Im tirtzu, ein zo agadah: If you will it, it is no dream.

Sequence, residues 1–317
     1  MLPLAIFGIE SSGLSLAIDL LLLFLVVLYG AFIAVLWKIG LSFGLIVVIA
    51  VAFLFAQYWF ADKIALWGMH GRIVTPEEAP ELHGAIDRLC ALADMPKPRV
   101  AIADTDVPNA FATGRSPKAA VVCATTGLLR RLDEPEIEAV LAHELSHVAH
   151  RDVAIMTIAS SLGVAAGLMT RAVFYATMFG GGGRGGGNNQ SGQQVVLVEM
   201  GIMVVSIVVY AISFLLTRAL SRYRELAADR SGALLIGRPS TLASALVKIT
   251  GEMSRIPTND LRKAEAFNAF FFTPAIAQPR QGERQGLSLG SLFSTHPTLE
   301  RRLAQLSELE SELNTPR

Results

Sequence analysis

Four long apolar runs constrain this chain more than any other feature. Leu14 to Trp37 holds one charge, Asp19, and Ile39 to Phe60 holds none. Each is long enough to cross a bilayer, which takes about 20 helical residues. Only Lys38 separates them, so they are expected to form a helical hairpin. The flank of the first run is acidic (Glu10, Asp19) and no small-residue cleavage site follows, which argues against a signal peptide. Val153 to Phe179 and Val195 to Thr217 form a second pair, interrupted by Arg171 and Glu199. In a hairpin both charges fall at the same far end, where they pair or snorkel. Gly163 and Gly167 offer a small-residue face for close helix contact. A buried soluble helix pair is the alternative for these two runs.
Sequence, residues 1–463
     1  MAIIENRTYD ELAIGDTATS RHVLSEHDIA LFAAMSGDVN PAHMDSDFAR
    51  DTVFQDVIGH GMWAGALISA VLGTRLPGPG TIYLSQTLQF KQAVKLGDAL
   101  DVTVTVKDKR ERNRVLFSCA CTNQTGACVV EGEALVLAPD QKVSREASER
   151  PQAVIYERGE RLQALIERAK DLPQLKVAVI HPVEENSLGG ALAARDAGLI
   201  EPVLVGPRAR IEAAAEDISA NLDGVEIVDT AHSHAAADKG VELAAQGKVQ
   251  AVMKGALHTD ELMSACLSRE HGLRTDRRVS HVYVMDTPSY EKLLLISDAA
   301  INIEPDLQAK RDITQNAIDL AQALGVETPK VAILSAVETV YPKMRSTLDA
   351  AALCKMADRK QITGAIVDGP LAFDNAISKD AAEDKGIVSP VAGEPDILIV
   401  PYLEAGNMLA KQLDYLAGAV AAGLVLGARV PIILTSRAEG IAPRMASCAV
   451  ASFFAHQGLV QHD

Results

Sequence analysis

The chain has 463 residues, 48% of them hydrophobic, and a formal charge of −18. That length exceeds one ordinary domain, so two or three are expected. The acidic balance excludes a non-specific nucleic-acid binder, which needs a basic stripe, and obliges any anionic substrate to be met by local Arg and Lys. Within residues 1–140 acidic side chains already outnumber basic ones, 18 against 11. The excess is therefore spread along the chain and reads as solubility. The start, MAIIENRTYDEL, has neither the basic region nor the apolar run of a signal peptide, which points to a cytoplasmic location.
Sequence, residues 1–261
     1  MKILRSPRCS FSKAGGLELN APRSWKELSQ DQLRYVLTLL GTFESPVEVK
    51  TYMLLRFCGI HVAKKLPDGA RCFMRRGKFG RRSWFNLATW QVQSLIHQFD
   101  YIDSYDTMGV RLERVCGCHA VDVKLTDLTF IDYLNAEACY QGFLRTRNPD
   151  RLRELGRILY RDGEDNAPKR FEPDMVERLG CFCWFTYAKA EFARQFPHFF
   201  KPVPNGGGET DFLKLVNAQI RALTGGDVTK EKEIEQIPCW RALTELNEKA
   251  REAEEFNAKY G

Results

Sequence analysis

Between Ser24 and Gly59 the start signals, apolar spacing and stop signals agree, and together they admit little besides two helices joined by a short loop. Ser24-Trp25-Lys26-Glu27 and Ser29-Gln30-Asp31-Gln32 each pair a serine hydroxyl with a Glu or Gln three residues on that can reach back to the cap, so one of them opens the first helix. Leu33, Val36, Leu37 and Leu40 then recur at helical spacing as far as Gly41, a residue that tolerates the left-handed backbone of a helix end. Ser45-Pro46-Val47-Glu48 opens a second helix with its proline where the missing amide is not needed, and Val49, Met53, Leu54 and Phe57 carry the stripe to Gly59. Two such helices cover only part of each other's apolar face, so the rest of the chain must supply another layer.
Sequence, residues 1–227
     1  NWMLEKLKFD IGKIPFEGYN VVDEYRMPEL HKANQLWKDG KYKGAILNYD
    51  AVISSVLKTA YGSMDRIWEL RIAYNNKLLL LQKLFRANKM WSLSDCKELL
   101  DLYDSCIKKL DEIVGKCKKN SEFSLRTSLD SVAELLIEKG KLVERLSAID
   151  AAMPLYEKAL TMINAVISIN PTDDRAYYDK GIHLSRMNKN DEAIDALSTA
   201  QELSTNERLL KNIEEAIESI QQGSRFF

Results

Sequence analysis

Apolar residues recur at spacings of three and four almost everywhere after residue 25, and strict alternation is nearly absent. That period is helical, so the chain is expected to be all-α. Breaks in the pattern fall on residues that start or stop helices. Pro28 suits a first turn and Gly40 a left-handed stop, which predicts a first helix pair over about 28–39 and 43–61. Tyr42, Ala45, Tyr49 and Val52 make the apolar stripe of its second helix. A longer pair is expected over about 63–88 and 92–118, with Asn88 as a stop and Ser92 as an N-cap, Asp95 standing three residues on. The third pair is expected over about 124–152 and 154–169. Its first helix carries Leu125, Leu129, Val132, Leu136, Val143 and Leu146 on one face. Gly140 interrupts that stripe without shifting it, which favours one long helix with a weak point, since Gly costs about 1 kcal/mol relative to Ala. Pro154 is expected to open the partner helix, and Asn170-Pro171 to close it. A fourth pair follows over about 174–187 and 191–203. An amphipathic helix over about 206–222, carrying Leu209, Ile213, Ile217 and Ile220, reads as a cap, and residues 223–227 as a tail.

Sadly, I did not get to go clean up and tour Talpiot. I got to the tayelet, where the group was supposed to be meeting in the parking lot, but I couldn't find the parking lot! The tayelet itself is beautiful. In English, it's translated as a "promenade," which I sort of need another English translation of, but anyhow, its a beautful green area with old stone walls and an amazing view of Jerusalem. I didn't realize it at first, but as soon as I got to the scenic view part, I recognized that on my NFTY trip in high school, they took us to the tayelet on our first full day in Israel. I remember because I was staring out of the bus window at the amazing view of the old city, and then they made us close the window shades, and I started getting really mad! Then they blindfolded us and walked us to the spot, and told us to take off our blindfolds and behold! the beautiful Jerusalem. It was cool, but would have been less anticlimactic if I hadn't already seen the view from the bus. So, I never found the group, but I got to rediscover a wonderful spot, 10 minutes from my house, where I can go to relax and ponder the meaning of life an all of that. On the walk back home, I saw that there is also a shopping center that is called the tayelet, and that shopping center has a parking lot, and I'm pretty sure that's where I went wrong. To console myself, I stopped by the health food store near my apartment and bought a bottle of eco-friendly all-purpose cleaner (shout out to Green Clean!) and came home and cleaned my apartment. In the afternoon, I finished kashering the kitchen. I learned in the process that if you put metal tongs into a pot of boiling water, they get hot. Also, my hands have finally returned to normal after the cleaner that I used on the oven. On Thursday, they were shiny and slightly orange, and they spent all of Friday peeling! Wear gloves. It is nice, however, to be able to check another thing off of the "getting settled" list. I had a very Jerusalem moment at synagogue Saturday morning. The city has a tendency to be very small and interconnected. When I got out of services, I saw that also in attendance were a few fellow Pardes students and one of my teachers, the head of admissions from rabbinical school, and my landlord! There are a million places to pray on Saturday morning, but in Jerusalem, it just isn't weird for things like that to happen. Saturday night, Deborah and I went to see Fun with Dick and Jane. It was nice to go to a movie theater, and do something that reminded us of home. There is, however, one aspect of going to the movies in Israel that I might almost move here for! An intermission! I can't list how many movies I would have enjoyed more if I only had a bathroom break. In Israel, that dream is a reality. Theodore Herzl knew what he was talking about.